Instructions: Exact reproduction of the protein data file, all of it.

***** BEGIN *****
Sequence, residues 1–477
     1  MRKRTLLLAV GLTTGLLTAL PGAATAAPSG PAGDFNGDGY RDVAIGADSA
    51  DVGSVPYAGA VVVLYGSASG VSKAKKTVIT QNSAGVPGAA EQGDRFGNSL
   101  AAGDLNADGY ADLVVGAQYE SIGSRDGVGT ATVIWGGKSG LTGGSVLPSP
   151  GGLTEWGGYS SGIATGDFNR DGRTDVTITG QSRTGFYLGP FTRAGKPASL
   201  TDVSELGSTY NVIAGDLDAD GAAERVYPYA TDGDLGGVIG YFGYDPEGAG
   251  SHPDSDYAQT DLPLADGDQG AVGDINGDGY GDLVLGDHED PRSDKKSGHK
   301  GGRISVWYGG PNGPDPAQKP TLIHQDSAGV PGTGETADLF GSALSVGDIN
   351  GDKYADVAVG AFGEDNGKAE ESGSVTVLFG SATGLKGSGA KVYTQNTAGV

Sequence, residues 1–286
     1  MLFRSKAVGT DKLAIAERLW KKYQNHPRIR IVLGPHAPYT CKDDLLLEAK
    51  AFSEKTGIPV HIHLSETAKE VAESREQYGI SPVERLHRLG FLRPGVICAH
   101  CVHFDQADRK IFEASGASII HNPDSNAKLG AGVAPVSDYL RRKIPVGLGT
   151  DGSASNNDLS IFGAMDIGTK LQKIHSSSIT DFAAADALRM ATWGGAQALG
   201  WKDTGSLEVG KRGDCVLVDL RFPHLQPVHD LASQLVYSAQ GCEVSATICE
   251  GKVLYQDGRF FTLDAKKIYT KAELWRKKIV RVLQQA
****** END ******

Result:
Sequence, residues 1–477
     1  MRKRTLLLAV GLTTGLLTAL PGAATAAPSG PAGDFNGDGY RDVAIGADSA
    51  DVGSVPYAGA VVVLYGSASG VSKAKKTVIT QNSAGVPGAA EQGDRFGNSL
   101  AAGDLNADGY ADLVVGAQYE SIGSRDGVGT ATVIWGGKSG LTGGSVLPSP
   151  GGLTEWGGYS SGIATGDFNR DGRTDVTITG QSRTGFYLGP FTRAGKPASL
   201  TDVSELGSTY NVIAGDLDAD GAAERVYPYA TDGDLGGVIG YFGYDPEGAG
   251  SHPDSDYAQT DLPLADGDQG AVGDINGDGY GDLVLGDHED PRSDKKSGHK
   301  GGRISVWYGG PNGPDPAQKP TLIHQDSAGV PGTGETADLF GSALSVGDIN
   351  GDKYADVAVG AFGEDNGKAE ESGSVTVLFG SATGLKGSGA KVYTQNTAGV

Sequence, residues 1–286
     1  MLFRSKAVGT DKLAIAERLW KKYQNHPRIR IVLGPHAPYT CKDDLLLEAK
    51  AFSEKTGIPV HIHLSETAKE VAESREQYGI SPVERLHRLG FLRPGVICAH
   101  CVHFDQADRK IFEASGASII HNPDSNAKLG AGVAPVSDYL RRKIPVGLGT
   151  DGSASNNDLS IFGAMDIGTK LQKIHSSSIT DFAAADALRM ATWGGAQALG
   201  WKDTGSLEVG KRGDCVLVDL RFPHLQPVHD LASQLVYSAQ GCEVSATICE
   251  GKVLYQDGRF FTLDAKKIYT KAELWRKKIV RVLQQA